Doctor Doctor Who Guide

I enjoyed "Rose" and "The End of the World", really I did. "Rose" was about as good as we could have expected, given that it had to introduce the series' main characters and concepts as well as tell a story, but its breakneck pace and slightly self-conscious "modern"-ness made it a bit hard to warm to for me. "The End of the World" was jolly good fun - sometimes likeably daft, sometimes effectively dramatic - but again it had a pretty slender story that made me wonder if this 45-minute slot was going to work. (And I wasn't hostile to the format - the old series was guilty of some outrageous padding.) 

So I was hoping for a lot from episode three. I was hoping that the pace might settle down a bit - wacky fast-paced fun is all very well, but please, not every week. Similarly, I was hoping for a bit more atmosphere. Oh, and maybe a slightly more involved story. And perhaps most importantly, I was hoping for a few more scares!

Thankfully "The Unquiet Dead" achieved all this in pretty spectacular style. The Victorian nighttime setting took care of the atmosphere; the brilliant script took care of the pacing; the monsters took care of the scares; and the servant girl's psychic gifts, the house's history, the aliens' double-crossing and the character of Dickens gave the story a lot more depth than either of its predecessors.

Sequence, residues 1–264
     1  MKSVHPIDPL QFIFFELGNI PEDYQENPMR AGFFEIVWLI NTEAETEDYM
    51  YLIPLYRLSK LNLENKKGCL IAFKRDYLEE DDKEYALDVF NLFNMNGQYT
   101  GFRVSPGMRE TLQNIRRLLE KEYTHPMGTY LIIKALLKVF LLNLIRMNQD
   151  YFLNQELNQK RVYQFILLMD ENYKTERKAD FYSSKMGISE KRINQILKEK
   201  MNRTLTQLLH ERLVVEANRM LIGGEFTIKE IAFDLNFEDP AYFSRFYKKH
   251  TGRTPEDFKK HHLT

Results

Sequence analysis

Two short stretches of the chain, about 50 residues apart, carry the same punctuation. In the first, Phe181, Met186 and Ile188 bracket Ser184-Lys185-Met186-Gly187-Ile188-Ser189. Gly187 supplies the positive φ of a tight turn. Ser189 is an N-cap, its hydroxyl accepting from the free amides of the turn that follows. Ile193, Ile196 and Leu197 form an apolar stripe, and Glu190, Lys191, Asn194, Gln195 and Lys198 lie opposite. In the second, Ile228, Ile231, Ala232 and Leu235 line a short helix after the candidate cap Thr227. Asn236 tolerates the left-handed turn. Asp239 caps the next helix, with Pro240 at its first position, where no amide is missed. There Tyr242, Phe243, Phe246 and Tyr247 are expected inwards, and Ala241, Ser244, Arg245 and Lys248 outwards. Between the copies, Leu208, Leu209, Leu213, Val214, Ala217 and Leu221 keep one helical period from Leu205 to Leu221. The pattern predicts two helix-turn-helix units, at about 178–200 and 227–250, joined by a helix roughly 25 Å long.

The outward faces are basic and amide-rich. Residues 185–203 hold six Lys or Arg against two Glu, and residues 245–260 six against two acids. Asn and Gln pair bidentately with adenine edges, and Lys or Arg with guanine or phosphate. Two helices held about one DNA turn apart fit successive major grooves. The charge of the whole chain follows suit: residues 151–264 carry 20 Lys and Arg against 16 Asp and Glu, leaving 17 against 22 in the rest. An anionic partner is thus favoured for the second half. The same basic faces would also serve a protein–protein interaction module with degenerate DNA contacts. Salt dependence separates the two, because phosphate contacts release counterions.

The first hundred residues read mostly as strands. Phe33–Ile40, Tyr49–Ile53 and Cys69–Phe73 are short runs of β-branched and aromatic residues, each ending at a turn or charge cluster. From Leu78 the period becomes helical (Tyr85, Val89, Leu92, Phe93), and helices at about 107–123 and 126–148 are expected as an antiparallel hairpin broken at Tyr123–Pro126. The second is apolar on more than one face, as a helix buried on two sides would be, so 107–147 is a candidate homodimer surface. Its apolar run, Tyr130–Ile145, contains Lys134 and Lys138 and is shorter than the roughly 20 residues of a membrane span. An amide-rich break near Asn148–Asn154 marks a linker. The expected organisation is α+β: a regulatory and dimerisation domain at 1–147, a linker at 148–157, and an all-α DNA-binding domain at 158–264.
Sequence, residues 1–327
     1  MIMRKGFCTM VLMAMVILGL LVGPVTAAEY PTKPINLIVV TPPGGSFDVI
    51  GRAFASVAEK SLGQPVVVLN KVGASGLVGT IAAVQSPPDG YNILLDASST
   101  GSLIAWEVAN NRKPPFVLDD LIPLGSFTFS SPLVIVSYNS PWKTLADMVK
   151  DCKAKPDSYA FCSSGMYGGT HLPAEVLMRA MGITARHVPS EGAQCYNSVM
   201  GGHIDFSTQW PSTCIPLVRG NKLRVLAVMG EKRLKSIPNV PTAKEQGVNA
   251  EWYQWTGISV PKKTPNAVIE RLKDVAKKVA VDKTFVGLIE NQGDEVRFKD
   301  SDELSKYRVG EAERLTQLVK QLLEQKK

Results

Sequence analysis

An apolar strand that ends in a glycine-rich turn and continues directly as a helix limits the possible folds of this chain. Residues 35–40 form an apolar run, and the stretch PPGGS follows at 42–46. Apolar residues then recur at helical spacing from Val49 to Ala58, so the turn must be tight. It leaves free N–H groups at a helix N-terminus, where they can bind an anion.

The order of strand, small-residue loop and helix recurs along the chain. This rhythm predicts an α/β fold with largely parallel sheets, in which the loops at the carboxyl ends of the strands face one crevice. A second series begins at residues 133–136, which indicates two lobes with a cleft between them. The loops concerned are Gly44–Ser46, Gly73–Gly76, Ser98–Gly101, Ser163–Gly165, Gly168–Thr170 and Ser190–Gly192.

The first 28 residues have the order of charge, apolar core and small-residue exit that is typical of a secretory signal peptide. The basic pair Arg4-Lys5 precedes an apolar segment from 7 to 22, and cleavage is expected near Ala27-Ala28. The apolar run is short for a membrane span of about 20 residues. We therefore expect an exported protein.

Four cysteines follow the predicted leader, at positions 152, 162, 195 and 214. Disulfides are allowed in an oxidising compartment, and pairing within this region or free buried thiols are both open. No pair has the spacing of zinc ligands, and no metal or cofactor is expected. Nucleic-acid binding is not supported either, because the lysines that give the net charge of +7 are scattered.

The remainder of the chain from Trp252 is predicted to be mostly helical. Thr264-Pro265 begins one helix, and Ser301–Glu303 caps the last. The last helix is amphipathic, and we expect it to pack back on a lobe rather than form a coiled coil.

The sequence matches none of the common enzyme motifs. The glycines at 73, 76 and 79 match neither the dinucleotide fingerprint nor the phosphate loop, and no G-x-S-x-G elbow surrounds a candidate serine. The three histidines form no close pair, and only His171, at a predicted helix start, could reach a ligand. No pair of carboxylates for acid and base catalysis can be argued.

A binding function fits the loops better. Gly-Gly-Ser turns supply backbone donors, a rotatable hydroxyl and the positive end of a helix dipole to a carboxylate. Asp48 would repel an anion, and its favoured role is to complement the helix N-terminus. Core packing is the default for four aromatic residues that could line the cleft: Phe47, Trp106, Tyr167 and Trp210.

I thought the Gelth were terrific monsters, too - a great, original idea brilliantly realised. Both the zombies and the gaseous forms were very effective. I hope we see them again.

Simon Callow was great fun as Dickens, but the real star of this one has got to be Mark Gatiss. He has written exactly the sort of Who story I have been hoping for ever since the new series was announced - well-paced, atmospheric, scary, funny, original, the works. He deserves to feel every bit as chuffed as he no doubt does, because this was almost as much of a dream come true to watch as it must have been to write. The jammy swine.

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